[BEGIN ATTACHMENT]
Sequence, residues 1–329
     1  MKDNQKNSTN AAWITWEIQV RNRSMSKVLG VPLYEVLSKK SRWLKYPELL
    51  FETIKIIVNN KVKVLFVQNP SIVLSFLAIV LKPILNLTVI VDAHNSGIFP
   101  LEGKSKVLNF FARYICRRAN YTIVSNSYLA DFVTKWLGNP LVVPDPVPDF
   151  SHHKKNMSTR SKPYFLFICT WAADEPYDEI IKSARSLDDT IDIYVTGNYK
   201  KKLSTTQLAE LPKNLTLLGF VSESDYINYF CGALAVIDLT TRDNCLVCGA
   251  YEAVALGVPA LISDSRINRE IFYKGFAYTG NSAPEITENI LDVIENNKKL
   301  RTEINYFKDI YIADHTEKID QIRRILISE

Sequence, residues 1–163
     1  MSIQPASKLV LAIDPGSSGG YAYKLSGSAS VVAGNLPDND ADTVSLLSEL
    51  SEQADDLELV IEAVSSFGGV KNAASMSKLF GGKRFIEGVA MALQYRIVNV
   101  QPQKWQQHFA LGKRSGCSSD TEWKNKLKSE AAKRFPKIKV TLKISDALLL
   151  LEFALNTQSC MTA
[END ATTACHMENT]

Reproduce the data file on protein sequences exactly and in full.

Sequence, residues 1–329
     1  MKDNQKNSTN AAWITWEIQV RNRSMSKVLG VPLYEVLSKK SRWLKYPELL
    51  FETIKIIVNN KVKVLFVQNP SIVLSFLAIV LKPILNLTVI VDAHNSGIFP
   101  LEGKSKVLNF FARYICRRAN YTIVSNSYLA DFVTKWLGNP LVVPDPVPDF
   151  SHHKKNMSTR SKPYFLFICT WAADEPYDEI IKSARSLDDT IDIYVTGNYK
   201  KKLSTTQLAE LPKNLTLLGF VSESDYINYF CGALAVIDLT TRDNCLVCGA
   251  YEAVALGVPA LISDSRINRE IFYKGFAYTG NSAPEITENI LDVIENNKKL
   301  RTEINYFKDI YIADHTEKID QIRRILISE

Sequence, residues 1–163
     1  MSIQPASKLV LAIDPGSSGG YAYKLSGSAS VVAGNLPDND ADTVSLLSEL
    51  SEQADDLELV IEAVSSFGGV KNAASMSKLF GGKRFIEGVA MALQYRIVNV
   101  QPQKWQQHFA LGKRSGCSSD TEWKNKLKSE AAKRFPKIKV TLKISDALLL
   151  LEFALNTQSC MTA